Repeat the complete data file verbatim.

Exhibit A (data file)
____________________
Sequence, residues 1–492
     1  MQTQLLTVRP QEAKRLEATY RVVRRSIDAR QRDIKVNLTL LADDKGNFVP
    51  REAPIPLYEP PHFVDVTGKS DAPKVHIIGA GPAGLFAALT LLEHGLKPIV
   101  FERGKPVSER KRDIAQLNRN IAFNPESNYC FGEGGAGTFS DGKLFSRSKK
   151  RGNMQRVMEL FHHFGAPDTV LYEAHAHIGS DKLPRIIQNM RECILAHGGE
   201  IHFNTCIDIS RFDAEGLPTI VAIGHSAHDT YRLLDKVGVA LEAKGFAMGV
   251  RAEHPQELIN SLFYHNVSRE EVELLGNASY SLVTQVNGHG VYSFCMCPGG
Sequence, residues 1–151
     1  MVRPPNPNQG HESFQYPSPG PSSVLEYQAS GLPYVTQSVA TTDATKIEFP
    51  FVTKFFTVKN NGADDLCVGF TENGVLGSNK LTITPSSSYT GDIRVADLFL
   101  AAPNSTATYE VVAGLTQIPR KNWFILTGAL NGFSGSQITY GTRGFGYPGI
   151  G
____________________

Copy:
Sequence, residues 1–492
     1  MQTQLLTVRP QEAKRLEATY RVVRRSIDAR QRDIKVNLTL LADDKGNFVP
    51  REAPIPLYEP PHFVDVTGKS DAPKVHIIGA GPAGLFAALT LLEHGLKPIV
   101  FERGKPVSER KRDIAQLNRN IAFNPESNYC FGEGGAGTFS DGKLFSRSKK
   151  RGNMQRVMEL FHHFGAPDTV LYEAHAHIGS DKLPRIIQNM RECILAHGGE
   201  IHFNTCIDIS RFDAEGLPTI VAIGHSAHDT YRLLDKVGVA LEAKGFAMGV
   251  RAEHPQELIN SLFYHNVSRE EVELLGNASY SLVTQVNGHG VYSFCMCPGG
Sequence, residues 1–151
     1  MVRPPNPNQG HESFQYPSPG PSSVLEYQAS GLPYVTQSVA TTDATKIEFP
    51  FVTKFFTVKN NGADDLCVGF TENGVLGSNK LTITPSSSYT GDIRVADLFL
   101  AAPNSTATYE VVAGLTQIPR KNWFILTGAL NGFSGSQITY GTRGFGYPGI
   151  G